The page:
How weird beliefs can land you in jail
Research on naps, meditation, nature walks and the habits of exceptional artists and athletes reveals how mental breaks increase productivity, replenish attention, solidify memories and encourage creativity...
Why some memories disappear, some remain, and others blend with fiction
Books and recommendations from Scientific American MIND
With the right lesson plan, teachers can turn struggling students into budding mathematicians. The secret is carefully guiding their adventure in numbers
Looking at photos of food can lead us to become bored with other similar foods. Christie Nicholson reports
Evidence that some animals are capable of “mental time travel,” suggests they have a deeper understanding of the world around them
Pain is an emotion
Female migraineurs may need different treatments than male sufferers
One technique for improving social skills seems to help newly diagnosed young children
The types of books we read may affect how we relate to others
Psychologists find that distrust of authority and low agreeableness are among factors underlying the willingness to believe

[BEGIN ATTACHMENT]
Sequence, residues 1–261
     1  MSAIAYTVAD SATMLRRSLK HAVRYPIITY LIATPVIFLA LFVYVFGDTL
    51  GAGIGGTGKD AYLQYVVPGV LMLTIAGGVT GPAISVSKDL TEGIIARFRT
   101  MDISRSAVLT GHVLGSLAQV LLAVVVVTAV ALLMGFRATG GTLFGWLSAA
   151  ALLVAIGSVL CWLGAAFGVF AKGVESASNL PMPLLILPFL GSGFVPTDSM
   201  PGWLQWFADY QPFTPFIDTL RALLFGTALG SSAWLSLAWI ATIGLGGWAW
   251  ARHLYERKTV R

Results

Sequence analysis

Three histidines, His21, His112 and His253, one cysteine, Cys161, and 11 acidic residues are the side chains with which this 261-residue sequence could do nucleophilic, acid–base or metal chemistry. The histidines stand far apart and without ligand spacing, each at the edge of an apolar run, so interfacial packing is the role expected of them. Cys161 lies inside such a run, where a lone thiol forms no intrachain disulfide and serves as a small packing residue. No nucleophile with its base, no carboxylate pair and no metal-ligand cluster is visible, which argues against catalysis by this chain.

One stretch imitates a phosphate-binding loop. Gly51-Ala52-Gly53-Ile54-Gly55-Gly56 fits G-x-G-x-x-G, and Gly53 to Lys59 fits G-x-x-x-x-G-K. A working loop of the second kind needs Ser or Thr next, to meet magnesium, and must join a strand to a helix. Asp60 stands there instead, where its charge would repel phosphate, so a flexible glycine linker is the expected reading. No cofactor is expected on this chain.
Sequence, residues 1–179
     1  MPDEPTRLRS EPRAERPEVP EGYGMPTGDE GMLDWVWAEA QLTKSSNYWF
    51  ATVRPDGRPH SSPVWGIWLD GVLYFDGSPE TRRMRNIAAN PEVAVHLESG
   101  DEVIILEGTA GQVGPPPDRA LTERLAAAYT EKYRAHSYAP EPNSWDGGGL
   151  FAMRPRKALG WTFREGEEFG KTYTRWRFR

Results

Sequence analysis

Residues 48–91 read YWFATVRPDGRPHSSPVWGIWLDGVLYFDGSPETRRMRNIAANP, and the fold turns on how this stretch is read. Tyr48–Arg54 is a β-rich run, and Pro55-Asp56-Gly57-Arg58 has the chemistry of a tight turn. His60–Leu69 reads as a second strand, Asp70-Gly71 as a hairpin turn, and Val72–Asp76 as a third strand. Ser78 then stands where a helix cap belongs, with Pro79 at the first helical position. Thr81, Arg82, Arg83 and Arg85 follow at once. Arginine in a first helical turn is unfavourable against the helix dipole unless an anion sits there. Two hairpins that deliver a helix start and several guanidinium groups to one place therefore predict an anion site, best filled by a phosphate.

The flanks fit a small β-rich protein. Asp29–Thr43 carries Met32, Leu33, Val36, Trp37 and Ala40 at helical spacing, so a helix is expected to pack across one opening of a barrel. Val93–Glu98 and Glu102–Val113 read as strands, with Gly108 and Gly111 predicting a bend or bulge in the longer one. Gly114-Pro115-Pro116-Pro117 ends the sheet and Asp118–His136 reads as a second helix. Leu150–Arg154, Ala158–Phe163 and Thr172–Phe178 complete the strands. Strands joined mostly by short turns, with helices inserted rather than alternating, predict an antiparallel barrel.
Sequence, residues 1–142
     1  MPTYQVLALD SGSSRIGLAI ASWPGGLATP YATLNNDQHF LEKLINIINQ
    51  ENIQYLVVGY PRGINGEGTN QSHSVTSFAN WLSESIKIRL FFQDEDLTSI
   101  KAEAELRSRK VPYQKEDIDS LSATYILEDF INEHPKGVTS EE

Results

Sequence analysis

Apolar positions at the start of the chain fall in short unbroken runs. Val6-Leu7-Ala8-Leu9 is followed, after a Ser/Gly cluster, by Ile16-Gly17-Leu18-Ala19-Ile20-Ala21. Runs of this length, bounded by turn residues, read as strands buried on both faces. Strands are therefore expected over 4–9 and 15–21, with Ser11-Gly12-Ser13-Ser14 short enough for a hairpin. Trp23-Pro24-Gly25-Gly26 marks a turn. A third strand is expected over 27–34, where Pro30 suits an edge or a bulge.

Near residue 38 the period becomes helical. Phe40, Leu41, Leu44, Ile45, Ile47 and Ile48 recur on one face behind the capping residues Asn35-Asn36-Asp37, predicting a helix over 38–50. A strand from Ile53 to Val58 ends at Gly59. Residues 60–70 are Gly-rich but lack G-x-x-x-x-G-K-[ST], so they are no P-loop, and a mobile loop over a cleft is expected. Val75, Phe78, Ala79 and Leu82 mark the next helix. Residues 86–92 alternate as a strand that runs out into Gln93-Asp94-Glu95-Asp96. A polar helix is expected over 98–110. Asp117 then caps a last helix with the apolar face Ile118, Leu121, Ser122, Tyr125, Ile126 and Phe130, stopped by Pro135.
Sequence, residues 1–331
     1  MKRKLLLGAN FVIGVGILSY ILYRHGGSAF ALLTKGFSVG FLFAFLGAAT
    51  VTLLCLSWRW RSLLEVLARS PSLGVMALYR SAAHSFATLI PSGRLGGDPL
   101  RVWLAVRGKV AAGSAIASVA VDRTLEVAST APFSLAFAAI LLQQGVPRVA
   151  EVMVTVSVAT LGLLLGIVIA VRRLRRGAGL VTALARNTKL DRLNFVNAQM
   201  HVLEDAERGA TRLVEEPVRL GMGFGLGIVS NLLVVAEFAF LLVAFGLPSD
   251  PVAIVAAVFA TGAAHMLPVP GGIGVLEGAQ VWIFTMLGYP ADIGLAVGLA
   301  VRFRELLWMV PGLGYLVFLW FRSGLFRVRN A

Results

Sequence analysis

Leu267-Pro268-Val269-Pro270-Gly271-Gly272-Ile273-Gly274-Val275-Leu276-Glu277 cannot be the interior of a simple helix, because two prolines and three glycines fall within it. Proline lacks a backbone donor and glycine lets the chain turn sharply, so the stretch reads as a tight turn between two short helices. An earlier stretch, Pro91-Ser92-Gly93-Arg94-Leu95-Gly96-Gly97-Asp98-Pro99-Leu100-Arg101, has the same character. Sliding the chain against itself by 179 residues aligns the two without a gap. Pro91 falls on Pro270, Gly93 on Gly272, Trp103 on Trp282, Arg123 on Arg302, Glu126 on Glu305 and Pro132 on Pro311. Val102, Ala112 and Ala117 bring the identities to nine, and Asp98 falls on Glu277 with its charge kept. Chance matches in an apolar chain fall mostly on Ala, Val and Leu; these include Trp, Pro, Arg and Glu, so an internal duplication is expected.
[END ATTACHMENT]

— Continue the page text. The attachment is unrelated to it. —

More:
A new study finds a possible brain signature of consciousness in infants as young as five months
Exposure to a fearful memory while in deep sleep may help reduce the fear. Christie Nicholson reports
Your online persona and possessions can help assuage grief over your passing
The more people used Facebook, the more likely they were to feel unhappy
Ads for over-the-counter drugs are worse than those that require a prescription
In a study, preschoolers who take a midday nap retained recently learned information better. Sophie Bushwick reports.
As we jettison the pen and pencil in a digital world, we are changing the way our brain thinks about writing
The DSM-5 broadens the criteria for anorexia nervosa, but will the expanded definition of the illness help catch those who need help before their disease progresses too far?